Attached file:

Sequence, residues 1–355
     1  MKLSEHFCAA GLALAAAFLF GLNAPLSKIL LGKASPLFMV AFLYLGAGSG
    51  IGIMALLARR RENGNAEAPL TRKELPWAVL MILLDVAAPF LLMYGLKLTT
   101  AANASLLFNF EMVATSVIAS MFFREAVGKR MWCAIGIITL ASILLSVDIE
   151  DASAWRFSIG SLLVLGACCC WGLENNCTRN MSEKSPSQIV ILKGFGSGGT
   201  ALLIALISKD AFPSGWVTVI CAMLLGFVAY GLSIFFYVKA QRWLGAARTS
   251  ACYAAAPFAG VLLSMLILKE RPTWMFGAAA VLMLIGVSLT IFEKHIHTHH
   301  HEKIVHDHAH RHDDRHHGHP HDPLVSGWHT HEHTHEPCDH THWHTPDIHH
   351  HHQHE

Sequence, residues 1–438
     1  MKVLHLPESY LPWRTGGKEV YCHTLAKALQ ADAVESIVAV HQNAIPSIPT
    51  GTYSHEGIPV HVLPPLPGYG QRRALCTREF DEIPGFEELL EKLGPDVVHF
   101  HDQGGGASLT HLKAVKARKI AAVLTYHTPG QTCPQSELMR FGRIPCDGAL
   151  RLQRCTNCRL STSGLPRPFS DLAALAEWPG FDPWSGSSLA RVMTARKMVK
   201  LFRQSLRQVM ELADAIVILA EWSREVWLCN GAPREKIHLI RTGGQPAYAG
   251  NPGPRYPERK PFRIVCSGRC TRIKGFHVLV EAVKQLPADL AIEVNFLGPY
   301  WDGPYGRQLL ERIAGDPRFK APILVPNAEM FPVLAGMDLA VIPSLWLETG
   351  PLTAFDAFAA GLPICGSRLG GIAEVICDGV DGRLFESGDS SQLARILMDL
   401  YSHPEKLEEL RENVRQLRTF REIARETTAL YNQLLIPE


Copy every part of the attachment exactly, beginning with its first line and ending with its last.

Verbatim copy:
Sequence, residues 1–355
     1  MKLSEHFCAA GLALAAAFLF GLNAPLSKIL LGKASPLFMV AFLYLGAGSG
    51  IGIMALLARR RENGNAEAPL TRKELPWAVL MILLDVAAPF LLMYGLKLTT
   101  AANASLLFNF EMVATSVIAS MFFREAVGKR MWCAIGIITL ASILLSVDIE
   151  DASAWRFSIG SLLVLGACCC WGLENNCTRN MSEKSPSQIV ILKGFGSGGT
   201  ALLIALISKD AFPSGWVTVI CAMLLGFVAY GLSIFFYVKA QRWLGAARTS
   251  ACYAAAPFAG VLLSMLILKE RPTWMFGAAA VLMLIGVSLT IFEKHIHTHH
   301  HEKIVHDHAH RHDDRHHGHP HDPLVSGWHT HEHTHEPCDH THWHTPDIHH
   351  HHQHE

Sequence, residues 1–438
     1  MKVLHLPESY LPWRTGGKEV YCHTLAKALQ ADAVESIVAV HQNAIPSIPT
    51  GTYSHEGIPV HVLPPLPGYG QRRALCTREF DEIPGFEELL EKLGPDVVHF
   101  HDQGGGASLT HLKAVKARKI AAVLTYHTPG QTCPQSELMR FGRIPCDGAL
   151  RLQRCTNCRL STSGLPRPFS DLAALAEWPG FDPWSGSSLA RVMTARKMVK
   201  LFRQSLRQVM ELADAIVILA EWSREVWLCN GAPREKIHLI RTGGQPAYAG
   251  NPGPRYPERK PFRIVCSGRC TRIKGFHVLV EAVKQLPADL AIEVNFLGPY
   301  WDGPYGRQLL ERIAGDPRFK APILVPNAEM FPVLAGMDLA VIPSLWLETG
   351  PLTAFDAFAA GLPICGSRLG GIAEVICDGV DGRLFESGDS SQLARILMDL
   401  YSHPEKLEEL RENVRQLRTF REIARETTAL YNQLLIPE